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Employers – do your employment agreements need a “tune up”?

Employers – do your employment agreements need a “tune up”?

You wouldn’t let your car go for long period without a service or even worse not get it serviced at all. The same should apply to your employment agreements. Too often we come across situations where employment agreements are not in good shape. They may be out of date and no longer reflect the current requirements of the employer or may not include the mandatory provisions required under New Zealand employment legislation. Even worse is the situation where there is no employment agreement in place at all.

Not having up to date and compliant employment agreements with employees is a risk that no employer should take. Not only could it detrimentally impact on the exercise of your rights as an employer, but it will mean that you are in breach of the Employment Relations Act 2000 and you could be potentially subject to serious fines.

A well written employment agreement should not only be tailored to fit your specific requirements, but it must also contain the mandatory provisions which are required under the Employment Relations Act 2000.

These mandatory provisions are:

  1. The names of employer and employee. This sounds straightforward, but it is best to check the employment agreement states the correct employer entity, you’ll be surprised how often it doesn’t. In terms of enforceability it is important the parties are accurate.

  2. A description of the role and required duties. It is important to state this in an employment agreement so that both parties have a common understanding of what is expected of the employee.

  3. The place of work. This could be a fixed location such as an office, or several locations, depending on the job.

  4. The wage rate or salary which will be paid to the employee.

  5. Agreed hours or if no hours are agreed, an indication of the arrangements relating to the times the employee will have to work. As of 1 April 2016, employment laws changed in New Zealand so that employers can not continue to maintain employees on “Zero-hour contracts”. Employers are now obliged to state in the employment agreement the set number of hours or minimum hours agreed to, days of the week and hours required.

  6. An employment agreement must also state if there is an expectation that employees will be required to work on public holidays. 

  7. If you want the ability to deduct amounts from an employee’s wages (e.g. to recoup any overpayment), the agreement must contain an agreement from the employee that this can happen. However, you will still have to consult with the employee before making any deductions.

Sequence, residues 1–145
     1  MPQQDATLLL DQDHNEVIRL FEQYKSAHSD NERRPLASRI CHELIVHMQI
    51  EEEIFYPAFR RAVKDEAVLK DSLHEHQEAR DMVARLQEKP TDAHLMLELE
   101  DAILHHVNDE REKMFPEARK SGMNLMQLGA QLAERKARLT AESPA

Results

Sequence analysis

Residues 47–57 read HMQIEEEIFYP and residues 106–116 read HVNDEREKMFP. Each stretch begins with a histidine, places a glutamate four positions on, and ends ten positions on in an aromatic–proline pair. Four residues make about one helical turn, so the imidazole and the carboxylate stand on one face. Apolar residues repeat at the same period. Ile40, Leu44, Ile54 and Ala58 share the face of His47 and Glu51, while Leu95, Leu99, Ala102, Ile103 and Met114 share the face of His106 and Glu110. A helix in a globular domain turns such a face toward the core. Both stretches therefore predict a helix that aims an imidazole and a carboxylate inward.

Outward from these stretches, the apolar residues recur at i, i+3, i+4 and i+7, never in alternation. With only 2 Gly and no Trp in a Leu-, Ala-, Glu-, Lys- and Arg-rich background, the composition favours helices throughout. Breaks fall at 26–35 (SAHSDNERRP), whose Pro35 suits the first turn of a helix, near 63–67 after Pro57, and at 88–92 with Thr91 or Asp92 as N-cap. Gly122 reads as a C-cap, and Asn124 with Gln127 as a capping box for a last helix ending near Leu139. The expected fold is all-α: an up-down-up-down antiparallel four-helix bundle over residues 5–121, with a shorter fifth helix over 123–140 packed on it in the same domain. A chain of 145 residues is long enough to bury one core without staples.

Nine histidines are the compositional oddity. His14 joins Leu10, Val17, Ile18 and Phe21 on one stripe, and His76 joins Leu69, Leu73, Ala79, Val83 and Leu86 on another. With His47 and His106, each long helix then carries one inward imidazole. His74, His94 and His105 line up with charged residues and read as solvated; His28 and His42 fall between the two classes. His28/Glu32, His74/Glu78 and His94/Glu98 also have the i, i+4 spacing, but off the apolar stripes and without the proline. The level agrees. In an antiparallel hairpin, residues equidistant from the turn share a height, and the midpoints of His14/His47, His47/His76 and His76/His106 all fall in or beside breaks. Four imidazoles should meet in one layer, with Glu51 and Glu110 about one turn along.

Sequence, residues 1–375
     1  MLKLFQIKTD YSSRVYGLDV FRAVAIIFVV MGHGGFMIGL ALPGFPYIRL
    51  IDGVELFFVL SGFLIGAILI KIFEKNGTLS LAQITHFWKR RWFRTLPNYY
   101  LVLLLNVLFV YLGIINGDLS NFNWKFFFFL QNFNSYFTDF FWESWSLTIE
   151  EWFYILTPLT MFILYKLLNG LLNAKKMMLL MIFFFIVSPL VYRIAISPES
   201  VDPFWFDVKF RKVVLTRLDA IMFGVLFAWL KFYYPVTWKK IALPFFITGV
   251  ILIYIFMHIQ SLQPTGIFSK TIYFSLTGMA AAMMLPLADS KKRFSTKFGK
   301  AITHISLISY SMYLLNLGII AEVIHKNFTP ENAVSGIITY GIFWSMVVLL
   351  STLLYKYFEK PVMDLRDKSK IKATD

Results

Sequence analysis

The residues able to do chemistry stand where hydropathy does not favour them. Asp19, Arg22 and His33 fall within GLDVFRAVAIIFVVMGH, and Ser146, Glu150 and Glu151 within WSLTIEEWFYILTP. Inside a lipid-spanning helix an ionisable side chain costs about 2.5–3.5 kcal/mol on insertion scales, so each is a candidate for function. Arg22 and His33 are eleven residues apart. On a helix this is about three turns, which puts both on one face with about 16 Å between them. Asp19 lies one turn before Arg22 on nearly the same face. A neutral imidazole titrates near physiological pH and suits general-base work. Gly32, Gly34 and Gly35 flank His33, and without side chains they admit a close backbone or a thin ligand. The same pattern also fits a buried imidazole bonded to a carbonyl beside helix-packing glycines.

8. If the employee will be employed for a fixed term, the agreement must state in writing the way in which the agreement will end and the reasons for it ending.

  9. If the employee is to undertake shift work under the agreement, you will only be able to cancel a shift if the employee’s agreement specifies the minimum amount of notice that must be given before a shift can be cancelled and contains details of reasonable compensation which must be paid if a shift is cancelled without giving the required notice.

  10. A plain language explanation of the services available for resolution of employment relationship problems. This must include a statement that advises an employee that  a personal grievance must be raised within 90 days.

  11. Employment protection provisions which set out what will occur in the event of restructuring, including:

    • a process that the employer must follow in negotiating with a new employer about the restructuring to the extent that it relates to affected employees; and

    • the matters relating to the affected employees’ employment that the employer will negotiate with the new employer, including whether the affected employees will transfer to the new employer on the same terms and conditions of employment; and

    • the process to be followed at the time of the restructuring to determine what entitlements, if any, are available for employees who do not transfer to the new employer

An employment agreement must not prohibit an employee from working for another person (without employer consent) unless you have genuine reasons for the prohibition and there are stated in the employment agreement.

You are legally obliged to keep a copy of the written employment agreement of all your employees (even if the employee does not sign the agreement after you have provided it to them).

If you think your employment agreements could do with a “tune up” we can help. Contact our employment law expert, Catherine Pendleton on (09) 486 2168 or [email protected]

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